In Borania many people who want to quit smoking wear nicotine skin patches, which deliver small doses of nicotine through the skin. Beginning next month, these patches can be purchased without a doctor's prescription. Although nonprescription patches will be no more effective than those obtained by prescription and will be equally expensive, patch manufacturers are nevertheless predicting that the patches' new nonprescription status will boost sales, which have slowed considerably in recent years.
Which of the following, if true in Borania, most strongly supports the manufacturers' prediction?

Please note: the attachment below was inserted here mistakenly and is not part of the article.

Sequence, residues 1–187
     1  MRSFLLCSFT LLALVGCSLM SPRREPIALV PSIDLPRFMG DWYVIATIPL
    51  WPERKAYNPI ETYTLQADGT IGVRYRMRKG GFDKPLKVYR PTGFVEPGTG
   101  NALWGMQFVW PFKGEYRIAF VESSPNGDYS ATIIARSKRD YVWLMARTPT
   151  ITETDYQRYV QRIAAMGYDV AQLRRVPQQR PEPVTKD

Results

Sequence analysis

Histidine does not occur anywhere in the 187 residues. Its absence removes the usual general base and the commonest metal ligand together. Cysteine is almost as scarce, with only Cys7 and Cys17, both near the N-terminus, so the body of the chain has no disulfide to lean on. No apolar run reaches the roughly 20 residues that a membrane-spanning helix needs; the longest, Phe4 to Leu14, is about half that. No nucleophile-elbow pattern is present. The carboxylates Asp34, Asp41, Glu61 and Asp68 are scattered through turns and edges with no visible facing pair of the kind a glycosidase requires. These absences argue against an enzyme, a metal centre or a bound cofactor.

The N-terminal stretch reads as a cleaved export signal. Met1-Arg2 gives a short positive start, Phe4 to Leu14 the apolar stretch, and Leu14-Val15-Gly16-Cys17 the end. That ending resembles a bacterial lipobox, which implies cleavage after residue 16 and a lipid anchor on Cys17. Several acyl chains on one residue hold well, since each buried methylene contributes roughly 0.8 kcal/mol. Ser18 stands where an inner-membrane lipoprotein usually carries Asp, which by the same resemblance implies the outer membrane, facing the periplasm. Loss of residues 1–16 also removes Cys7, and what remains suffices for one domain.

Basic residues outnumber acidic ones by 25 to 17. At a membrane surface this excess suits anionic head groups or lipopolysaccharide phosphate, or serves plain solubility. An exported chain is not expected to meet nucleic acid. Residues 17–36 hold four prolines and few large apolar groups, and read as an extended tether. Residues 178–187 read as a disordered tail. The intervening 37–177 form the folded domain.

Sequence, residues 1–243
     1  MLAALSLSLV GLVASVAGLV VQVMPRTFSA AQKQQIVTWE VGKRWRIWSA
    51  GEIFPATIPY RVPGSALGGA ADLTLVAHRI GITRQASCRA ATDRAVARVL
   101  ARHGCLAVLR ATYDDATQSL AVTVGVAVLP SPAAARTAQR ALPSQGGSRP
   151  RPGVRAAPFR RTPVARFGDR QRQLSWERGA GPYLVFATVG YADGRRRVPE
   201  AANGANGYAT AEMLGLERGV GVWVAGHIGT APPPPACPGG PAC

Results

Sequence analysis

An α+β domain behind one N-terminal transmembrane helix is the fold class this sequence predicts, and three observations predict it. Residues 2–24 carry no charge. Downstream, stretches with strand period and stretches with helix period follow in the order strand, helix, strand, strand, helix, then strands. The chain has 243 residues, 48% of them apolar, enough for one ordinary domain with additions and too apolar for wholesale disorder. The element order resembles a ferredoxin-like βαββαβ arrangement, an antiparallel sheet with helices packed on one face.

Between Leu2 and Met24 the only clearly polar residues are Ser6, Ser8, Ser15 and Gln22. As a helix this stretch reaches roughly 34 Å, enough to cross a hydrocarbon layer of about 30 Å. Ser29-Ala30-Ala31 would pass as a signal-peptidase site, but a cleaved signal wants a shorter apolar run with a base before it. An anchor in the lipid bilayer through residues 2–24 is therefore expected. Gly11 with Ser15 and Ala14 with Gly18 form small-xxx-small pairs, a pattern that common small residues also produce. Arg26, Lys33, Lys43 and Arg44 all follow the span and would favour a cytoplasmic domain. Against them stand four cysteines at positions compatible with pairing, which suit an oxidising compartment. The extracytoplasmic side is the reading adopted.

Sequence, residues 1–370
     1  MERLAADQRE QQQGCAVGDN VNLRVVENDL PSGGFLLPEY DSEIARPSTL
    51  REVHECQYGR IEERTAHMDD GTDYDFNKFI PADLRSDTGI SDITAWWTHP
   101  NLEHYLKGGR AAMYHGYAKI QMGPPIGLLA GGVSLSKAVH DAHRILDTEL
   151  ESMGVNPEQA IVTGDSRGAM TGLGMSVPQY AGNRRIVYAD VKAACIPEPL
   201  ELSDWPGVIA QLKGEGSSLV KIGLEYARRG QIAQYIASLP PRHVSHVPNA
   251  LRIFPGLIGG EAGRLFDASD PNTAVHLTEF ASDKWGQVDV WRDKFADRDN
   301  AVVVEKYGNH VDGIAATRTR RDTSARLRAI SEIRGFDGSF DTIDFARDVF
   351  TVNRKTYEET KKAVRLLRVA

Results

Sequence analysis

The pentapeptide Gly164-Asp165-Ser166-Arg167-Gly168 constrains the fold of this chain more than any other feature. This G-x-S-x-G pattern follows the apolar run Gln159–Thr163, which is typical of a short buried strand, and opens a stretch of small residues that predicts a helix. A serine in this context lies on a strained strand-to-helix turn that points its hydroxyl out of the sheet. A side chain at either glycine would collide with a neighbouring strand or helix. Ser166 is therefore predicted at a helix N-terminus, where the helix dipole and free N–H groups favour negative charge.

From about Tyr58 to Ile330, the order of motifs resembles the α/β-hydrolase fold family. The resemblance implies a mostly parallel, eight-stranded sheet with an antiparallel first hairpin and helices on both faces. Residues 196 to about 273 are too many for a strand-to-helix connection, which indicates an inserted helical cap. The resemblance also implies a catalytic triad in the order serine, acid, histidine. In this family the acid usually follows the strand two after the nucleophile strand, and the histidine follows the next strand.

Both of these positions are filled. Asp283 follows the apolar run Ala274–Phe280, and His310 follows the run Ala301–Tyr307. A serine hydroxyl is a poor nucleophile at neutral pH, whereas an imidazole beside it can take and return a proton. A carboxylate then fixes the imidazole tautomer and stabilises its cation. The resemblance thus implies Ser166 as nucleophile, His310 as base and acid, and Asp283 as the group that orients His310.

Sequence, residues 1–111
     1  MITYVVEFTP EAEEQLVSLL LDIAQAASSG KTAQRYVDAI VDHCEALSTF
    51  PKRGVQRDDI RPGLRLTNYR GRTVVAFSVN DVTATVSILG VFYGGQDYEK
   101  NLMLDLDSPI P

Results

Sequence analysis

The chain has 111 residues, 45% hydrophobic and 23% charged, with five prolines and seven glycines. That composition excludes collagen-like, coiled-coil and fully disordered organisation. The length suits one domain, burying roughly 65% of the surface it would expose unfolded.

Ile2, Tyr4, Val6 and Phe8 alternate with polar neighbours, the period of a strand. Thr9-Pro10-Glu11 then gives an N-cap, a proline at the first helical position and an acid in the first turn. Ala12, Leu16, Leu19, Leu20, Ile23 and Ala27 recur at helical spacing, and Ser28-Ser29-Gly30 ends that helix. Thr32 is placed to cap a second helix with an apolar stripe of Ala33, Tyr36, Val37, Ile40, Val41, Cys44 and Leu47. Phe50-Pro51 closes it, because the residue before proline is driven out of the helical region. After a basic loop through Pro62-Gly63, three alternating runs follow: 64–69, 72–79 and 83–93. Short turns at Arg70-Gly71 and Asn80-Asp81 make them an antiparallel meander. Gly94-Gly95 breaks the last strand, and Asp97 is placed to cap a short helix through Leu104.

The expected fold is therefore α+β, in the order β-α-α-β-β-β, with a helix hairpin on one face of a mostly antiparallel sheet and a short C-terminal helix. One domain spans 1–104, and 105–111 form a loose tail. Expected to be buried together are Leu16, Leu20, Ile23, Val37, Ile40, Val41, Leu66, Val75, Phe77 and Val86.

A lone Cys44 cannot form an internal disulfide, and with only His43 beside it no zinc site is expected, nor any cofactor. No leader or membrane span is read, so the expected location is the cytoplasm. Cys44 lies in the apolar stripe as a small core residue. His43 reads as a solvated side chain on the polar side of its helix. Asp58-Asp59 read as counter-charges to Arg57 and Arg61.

Most people who wanted to quit smoking and who found the nicotine skin patch helpful in quitting have quit.
Nicotine skin patches generally cost more to use than do other types of aids that help people to quit smoking.
Several nonprescription aids aimed at helping people to quit smoking have been widely available for a number of years.
Many smokers who want to quit smoking feel that they cannot afford to visit a doctor for a prescription.
People who use nicotine skin patches have approximately the same rate of success in quitting smoking as do people who use other aids aimed at helping people to quit smoking.